When it comes to The 7 Modes, do you know your stuff? Let's see! Dive right in and take the next assessment.
In this video lecture, Arman Rousta will bring students through an introduction to the 49er Matrix, the 7 Dimensional chess board upon which we play out the game of Marketing.
In this video lecture, Arman Rousta will bring students through more in-depth uses for the 49er Matrix, looking at how it can be specifically used to assess a member of your marketing team or a current campaign.
The 49er Matrix can be thought of as a 7-Dimensional Chess Board, upon which we play out the strategic game of Marketing. It is a multi-purpose visualization tool that provides a map of the Digital Marketing universe. The first two dimensions (7 Pillars x 7 Modes) generate 49 blocks or marketing elements, which marketers and executives should account for.
Take the 49er Matrix Assessment to see if you've mastered the concepts that underpin this innovative, 7-dimensional Marketing chess board.
In this video lecture, Arman Rousta will bring students through an introduction to the 7 Angles, showing you the many tracks on which Marketers can choose to ascend The Pyramids of Knowledge. These cover the Flat Angles (Marketing, Creative and Technical) and the Sharp Angles (Management, Financial, Legal and Venture).
Envision a large Pyramid laying on top of the 49er Matrix grid, the pinnacles of which represents the culmination of digital marketing knowledge. The Angles represent the sides or ways up the Pyramids. Individuals choose to ascend the Pyramid (developing their skills) up one of the main sides or one of the corners.
Angle 1 is the most popular and diverse within the 7 Pillars ecosystem, naturally because this is a marketing system after all! People who take this primary track generally aren’t programmers or designers. Their value comes through having more of a promotional sense of what needs to be done to build brands and generate leads. They are pure marketers (i.e. strategic thinkers, researchers, media buyers, copywriters and general doers of non-technical marketing tasks).
The Creative Angle (A2) is represented by the right brain artists amongst us. While creativity is certainly a quality that can permeate all Angles, this area is focused primarily on the audio-visual content that dominates our senses. Certain skills, like writing, bisect, falling under A2 for creative content like fiction and storytelling, and A1 (Marketing Angles) for ad and product description focused copy.
Angle 3 includes programmers, technologists and the overall technical backbone of the Internet. This covers the Internet as well as advanced infrastructure required to support apps (i.e. the cloud and mobile technology). Non-technical marketers should remember and respect the fact that Digital Marketing is made possible by the capabilities of A3s, who built all of the software tools that they use.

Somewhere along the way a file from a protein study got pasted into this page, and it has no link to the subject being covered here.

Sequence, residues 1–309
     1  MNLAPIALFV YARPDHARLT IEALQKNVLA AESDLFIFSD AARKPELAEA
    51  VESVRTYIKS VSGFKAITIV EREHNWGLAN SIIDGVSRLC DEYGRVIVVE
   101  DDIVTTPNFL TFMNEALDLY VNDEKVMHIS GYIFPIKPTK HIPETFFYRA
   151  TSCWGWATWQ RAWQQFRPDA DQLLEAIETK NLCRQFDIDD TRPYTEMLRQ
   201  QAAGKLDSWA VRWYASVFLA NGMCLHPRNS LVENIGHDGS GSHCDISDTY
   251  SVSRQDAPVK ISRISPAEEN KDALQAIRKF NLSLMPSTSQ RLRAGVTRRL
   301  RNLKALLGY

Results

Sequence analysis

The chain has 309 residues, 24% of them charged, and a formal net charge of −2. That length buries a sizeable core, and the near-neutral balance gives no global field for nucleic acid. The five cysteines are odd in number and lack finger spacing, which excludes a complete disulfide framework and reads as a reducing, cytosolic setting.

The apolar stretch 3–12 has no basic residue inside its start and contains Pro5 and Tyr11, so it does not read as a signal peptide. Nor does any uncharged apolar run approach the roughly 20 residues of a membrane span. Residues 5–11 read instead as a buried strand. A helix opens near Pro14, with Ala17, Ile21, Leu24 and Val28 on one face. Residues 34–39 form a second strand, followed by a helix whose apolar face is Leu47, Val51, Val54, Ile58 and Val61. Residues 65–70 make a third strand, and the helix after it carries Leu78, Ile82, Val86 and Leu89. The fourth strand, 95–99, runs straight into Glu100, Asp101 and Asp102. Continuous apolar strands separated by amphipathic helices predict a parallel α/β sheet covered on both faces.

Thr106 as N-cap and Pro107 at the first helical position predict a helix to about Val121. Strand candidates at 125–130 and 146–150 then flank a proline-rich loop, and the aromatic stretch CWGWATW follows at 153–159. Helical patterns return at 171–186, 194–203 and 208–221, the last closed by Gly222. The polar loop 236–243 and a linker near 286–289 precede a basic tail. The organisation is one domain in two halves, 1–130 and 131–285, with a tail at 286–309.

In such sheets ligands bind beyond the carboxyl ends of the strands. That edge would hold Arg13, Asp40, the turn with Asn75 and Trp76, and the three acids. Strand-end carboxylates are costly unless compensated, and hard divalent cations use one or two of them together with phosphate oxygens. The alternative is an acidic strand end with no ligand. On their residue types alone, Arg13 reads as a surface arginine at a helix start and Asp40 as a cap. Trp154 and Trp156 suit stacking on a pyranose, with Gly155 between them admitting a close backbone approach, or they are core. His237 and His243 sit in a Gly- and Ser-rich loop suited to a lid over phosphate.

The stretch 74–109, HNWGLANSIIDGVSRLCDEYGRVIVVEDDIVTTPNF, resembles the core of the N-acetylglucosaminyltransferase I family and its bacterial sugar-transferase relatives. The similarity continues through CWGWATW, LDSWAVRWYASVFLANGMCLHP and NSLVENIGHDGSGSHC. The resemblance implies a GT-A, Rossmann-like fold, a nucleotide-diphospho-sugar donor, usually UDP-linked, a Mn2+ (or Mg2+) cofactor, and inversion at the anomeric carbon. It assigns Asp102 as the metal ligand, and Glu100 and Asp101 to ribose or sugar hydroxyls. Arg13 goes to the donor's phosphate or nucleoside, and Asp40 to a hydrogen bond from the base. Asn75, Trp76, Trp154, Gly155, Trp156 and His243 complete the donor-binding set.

Management (A4), the first of four Sharp Angles, keeps projects together and gives direction to them. It is essential, both as a skill and an overall function in any company, and it is something that needs to be developed throughout a person’s career. It can also be a slippery slope, especially if not developed alongside some “hard” skills (i.e. those of the Flat Angles). Digital Marketing is an open field where many resources are accessible and interchangeable.
Every industry has a strong need for Financial folks. In Digital Marketing, they get to have even stronger powers because of the vast toolbox available to them. This Sharp Angle belongs to the Number Cruncher (MPT1), who spend time mostly in Budgeting (M2) and Analytics (M7) Modes. Beyond pure finance jobs (i.e. Accountants and Financial Analysts) the Financial skill set helps guide projects, and keeps them on track and on budget.
Yes, lawyers have a place in the 7 Pillars ecosystem, as defenders, interpreters and creators of the laws that govern media and the Internet. It is a vast space, which has confounded governments and legal systems that have been, and largely still are, ill-equipped to deal with such a powerful force of inter-connection and cross-border trade. Think back to Napster and other piracy issues, which are difficult to police and raise all types of ethical questions. How about the NSA, Facebook, Google vs. China and Internet privacy? This is another field of debate that A6 specialists moderate for organizations.
A7 is the realm of the entrepreneurs and venture capitalists seeking to create and control how the Internet runs. New ventures, from players who seek to influence and improve web tools, pop up daily within each Pillar.
Now that you've learned all about Dimension 3: Angles, it's time to take the assessment. Dive right in and see if you've absorbed all the core concepts in this section.
In this video lecture, Arman Rousta will bring students through an introduction to the 7 Levels of Skill & Difficulty, as they relate to individual marketers and the associated marketing tasks.
Your career - in business and marketing - is analogous to the journey that aspiring Samurai warriors embark upon as they seek personal truth and mastery of their craft. True progress is not easy. It is elusive, which represent the Levels are symbolized by Pyramids (or Temples), which represent the uphill battle required to raise oneself up. Only the most skillful and perseverant digital martial artist ascends to the top and achieves the vaunted Blue Samurai status.